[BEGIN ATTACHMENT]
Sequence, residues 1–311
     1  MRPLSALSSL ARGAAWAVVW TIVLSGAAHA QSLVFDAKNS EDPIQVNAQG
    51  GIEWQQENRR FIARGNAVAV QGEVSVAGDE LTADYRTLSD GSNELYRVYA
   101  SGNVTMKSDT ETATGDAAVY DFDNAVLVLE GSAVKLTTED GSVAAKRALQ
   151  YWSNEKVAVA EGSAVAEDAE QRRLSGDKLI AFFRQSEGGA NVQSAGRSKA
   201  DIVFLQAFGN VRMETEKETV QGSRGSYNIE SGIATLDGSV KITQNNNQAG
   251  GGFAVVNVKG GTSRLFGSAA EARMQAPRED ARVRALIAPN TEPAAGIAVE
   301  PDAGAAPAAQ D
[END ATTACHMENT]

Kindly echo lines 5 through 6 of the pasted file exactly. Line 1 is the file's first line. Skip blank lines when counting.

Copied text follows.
   151  YWSNEKVAVA EGSAVAEDAE QRRLSGDKLI AFFRQSEGGA NVQSAGRSKA
   201  DIVFLQAFGN VRMETEKETV QGSRGSYNIE SGIATLDGSV KITQNNNQAG